The LGBTIQ+ List 2021: Zoe Williamson, UTA
The LGBTIQ+ List 2021 – IQ’s first annual celebration of queer professionals who make an immense impact in the international live music business – was published in the inaugural Pride edition (issue 101) this month.
The 20 individuals comprising the LGBTIQ+ List 2021, as nominated by our readers and verified by our esteemed steering committee, have gone above and beyond to wave the flag for an industry that we can all be proud of.
To get to know this year’s queer pioneers a little better, IQ asked each individual to share their challenges, triumphs, advice and more. Each day this month, we’ll publish a new interview with an individual on the LGBTIQ+ List 2021. Catch up on the previous interview with Austin Sarich, tour director for North America at Live Nation here.
Brooklyn, New York, US
Tell us about a personal triumph in your career.
Working on and announcing Arlo Parks’ North America headline tour for this fall was a huge highlight. Seeing how much love there is in the US validated the incredible work that Arlo has poured into her music and into building an authentic and organic relationship with her fans.
What advice could you give for young queer professionals?
Ignore the people trying to tell you to act or behave a certain way to succeed. If we’re going to make a shift in the industry, I would encourage any young queer and/or trans professionals to help break the mould of the traditional perception of ‘leaders’. We are the new leaders, and so anything we do is what leadership looks like.
“I would encourage any young queer and/or trans pros to help break the mould of the traditional perception of ‘leaders'”
Tell us about a professional challenge you often come across as a queer person.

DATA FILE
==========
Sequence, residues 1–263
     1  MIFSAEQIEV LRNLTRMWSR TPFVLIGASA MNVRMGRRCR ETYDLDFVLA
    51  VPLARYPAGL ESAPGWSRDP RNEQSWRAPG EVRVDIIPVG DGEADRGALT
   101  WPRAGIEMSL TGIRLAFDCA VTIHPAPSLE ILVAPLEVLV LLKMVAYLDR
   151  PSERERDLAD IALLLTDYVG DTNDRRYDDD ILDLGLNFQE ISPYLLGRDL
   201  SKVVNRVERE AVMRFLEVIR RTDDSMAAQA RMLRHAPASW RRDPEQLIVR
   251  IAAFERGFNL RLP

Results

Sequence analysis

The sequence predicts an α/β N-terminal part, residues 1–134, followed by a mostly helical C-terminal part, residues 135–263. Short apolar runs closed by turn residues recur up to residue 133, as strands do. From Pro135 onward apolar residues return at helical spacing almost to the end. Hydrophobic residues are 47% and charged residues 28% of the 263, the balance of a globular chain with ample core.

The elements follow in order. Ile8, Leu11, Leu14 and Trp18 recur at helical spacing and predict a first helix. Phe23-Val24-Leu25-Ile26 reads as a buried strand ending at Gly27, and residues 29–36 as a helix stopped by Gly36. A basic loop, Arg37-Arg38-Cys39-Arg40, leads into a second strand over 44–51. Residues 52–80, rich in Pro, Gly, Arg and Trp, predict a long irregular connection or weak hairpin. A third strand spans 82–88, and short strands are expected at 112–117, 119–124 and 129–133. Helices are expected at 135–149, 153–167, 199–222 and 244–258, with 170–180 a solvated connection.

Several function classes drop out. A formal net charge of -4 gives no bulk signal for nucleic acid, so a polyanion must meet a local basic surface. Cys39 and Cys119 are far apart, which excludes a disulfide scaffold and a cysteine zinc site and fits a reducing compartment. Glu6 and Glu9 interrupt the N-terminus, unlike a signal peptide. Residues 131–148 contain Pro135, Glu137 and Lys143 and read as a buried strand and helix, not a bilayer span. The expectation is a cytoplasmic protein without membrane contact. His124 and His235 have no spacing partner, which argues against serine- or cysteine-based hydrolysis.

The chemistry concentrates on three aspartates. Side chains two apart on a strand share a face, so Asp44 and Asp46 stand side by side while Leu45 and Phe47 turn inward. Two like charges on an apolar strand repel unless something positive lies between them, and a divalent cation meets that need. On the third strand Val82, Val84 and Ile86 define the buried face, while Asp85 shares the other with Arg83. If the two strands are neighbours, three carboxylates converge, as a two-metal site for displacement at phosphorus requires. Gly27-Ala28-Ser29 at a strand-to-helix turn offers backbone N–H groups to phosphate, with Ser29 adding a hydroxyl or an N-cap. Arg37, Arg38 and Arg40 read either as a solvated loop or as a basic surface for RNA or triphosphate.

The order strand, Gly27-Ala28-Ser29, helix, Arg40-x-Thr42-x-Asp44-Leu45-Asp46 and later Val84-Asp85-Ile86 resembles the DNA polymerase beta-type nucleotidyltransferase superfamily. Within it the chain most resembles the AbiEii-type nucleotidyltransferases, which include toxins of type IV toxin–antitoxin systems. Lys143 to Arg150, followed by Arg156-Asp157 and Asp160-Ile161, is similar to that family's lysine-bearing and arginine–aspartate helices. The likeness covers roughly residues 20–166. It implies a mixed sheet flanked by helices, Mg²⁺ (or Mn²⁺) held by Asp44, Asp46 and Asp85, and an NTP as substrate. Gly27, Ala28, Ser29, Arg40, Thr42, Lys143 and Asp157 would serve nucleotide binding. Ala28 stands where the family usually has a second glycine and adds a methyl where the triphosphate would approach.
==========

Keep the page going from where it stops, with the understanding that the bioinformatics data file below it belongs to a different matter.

I’m sometimes put in situations where I’m asked to work with someone for the sole reason that they’re in the LGBTQIA+ community. It’s disappointing because at times it can feel as though I’m being paired with someone because of my identity, not because of my hard work or skillset.
Industry professionals often misgender and misunderstand sexuality, and we have to take time and energy to educate, which can be exhausting and daunting. I’m all about patience, but it’s hard to work in an industry that has been saying for years it’s going to do the work, yet year after year that work falls on us to do.
“I want [the LGBTQIA+ community] calling the shots; not just having a seat at the table but having a say in the decision making”
What one thing could the industry do to be more inclusive?
During the pandemic, I am proud to have been a part of the launch of Justice Now, a task force within UTA’s music department that aims to reverse systemic racism in the industry through four pillars of education, mentorship, empowerment and fearless imagination.
I feel lucky to work at a company that celebrates and embraces the LGBTQIA+ community, but I want to see more of my community in the industry. I want us calling the shots; not just having a seat at the table but having a say in the decision making.
How could the industry build back better, post-pandemic?
We need to create a space for industry professionals within the LGBTQIA+ community to not feel targeted, isolated, neglected, and unsafe. Accountability means nothing without consequences. Basically, if we don’t start telling people “You are not above consequences for your actions” and actually walking the walk on that, I don’t see this industry changing at the rate it needs to.
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